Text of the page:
Airbus 310 Flight Simulation
Commissioned by Airbus, the Fraunhofer Institute near Munich in Germany is presently performing research on improving the impact of cabin environment on passenger health in long distance flights. Atmospheric pressure, relative humidity, vibration, and air composition all affect human comfort in an aircraft. In a simulated airplane cruising at 30.000 feet, experimental passengers are monitored for their reaction under real flight circumstances. Pneumofore supplied the vacuum system essential for generating the changing conditions.
The test facility consists of a building containing an airtight, tubular enclosure built around the section of an A310 airplane. The volume of air between airplane and enclosure is approximately 2.500 m3. The primary task for the vacuum system is to reduce the pressure from 1.024 mbar(a) to 760 mbar(a) in 20 minutes (8.000 ft altitude). In a second phase, the atmospheric pressure is further reduced down to 400 mbar(a), also within 20 minutes (24.000 ft altitude). Lastly, another drop to 180 mbar (abs) in the same amount of time (32.000 ft altitude). Other project criteria were reduced noise, electricity usage (especially startup performance peak).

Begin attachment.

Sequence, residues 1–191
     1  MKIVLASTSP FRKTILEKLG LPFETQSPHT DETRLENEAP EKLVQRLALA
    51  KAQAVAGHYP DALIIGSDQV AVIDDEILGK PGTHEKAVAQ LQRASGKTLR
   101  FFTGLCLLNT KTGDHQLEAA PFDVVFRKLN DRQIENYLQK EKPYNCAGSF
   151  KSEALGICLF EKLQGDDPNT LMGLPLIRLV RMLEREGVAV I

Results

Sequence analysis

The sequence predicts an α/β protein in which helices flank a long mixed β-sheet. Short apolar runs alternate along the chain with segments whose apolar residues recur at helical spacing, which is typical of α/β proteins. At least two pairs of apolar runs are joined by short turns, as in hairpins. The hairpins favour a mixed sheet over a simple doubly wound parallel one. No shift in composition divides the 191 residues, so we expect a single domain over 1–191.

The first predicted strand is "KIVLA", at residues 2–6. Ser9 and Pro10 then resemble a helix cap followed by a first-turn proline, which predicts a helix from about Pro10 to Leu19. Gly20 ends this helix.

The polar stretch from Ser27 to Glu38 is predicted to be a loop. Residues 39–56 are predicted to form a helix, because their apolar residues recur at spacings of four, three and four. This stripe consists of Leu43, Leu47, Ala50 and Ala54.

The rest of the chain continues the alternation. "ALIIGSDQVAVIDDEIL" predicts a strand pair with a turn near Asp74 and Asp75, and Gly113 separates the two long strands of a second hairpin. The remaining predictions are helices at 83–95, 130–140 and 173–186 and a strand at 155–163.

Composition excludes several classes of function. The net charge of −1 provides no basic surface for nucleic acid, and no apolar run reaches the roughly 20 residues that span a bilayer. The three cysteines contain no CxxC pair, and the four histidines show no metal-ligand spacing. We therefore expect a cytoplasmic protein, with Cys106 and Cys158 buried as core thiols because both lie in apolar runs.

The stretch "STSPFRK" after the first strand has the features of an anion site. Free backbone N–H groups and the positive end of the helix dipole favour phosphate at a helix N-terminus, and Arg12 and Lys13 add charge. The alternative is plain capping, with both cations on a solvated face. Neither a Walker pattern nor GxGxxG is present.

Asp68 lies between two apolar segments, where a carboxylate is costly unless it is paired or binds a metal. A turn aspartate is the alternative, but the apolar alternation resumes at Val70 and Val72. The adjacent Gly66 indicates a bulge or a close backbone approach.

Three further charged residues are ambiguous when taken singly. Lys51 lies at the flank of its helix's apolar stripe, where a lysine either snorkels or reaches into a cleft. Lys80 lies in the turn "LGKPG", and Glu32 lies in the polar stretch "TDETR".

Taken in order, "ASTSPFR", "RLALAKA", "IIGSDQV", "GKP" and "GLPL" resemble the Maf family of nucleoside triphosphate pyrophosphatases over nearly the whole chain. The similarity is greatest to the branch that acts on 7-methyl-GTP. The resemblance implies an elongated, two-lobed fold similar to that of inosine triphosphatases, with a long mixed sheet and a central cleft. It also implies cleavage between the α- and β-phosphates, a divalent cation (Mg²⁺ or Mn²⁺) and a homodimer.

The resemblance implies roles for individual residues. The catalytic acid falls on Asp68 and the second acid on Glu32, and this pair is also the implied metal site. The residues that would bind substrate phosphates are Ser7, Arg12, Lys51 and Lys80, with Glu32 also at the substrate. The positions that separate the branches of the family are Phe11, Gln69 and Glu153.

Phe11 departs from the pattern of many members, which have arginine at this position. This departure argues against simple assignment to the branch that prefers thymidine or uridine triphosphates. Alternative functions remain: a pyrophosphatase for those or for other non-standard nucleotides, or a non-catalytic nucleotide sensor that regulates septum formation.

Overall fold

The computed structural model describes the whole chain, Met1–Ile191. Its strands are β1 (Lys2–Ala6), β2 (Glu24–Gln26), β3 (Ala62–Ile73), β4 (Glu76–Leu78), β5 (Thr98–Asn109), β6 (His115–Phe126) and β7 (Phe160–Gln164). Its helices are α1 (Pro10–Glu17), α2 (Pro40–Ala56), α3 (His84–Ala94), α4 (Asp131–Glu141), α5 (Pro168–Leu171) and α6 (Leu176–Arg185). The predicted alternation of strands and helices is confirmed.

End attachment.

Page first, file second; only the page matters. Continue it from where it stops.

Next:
Three Pneumofore UV50 units provided the ideal solution for this project. With a large capacity and a range of frequency variations between 35 and 65 Hz, this vacuum pump system satisfies the challenge posed by changing absolute pressure as it corresponds to a specific cruising altitude. The UV Series’ high efficiency at 270 kW (nominal) and low noise output (75 dB(A)), however, were equally essential for the successful fulfilment of the application requirements.
Started in 2005, the pumps are air-cooled and run only a few hundred hours per year. The site is open to public and also generated interest by other leading aeronautic manufacturers. Due to the rarity and scientific nature of the project, all technical specialists in the Pneumofore engineering department were in involved and participated with marked enthusiasm.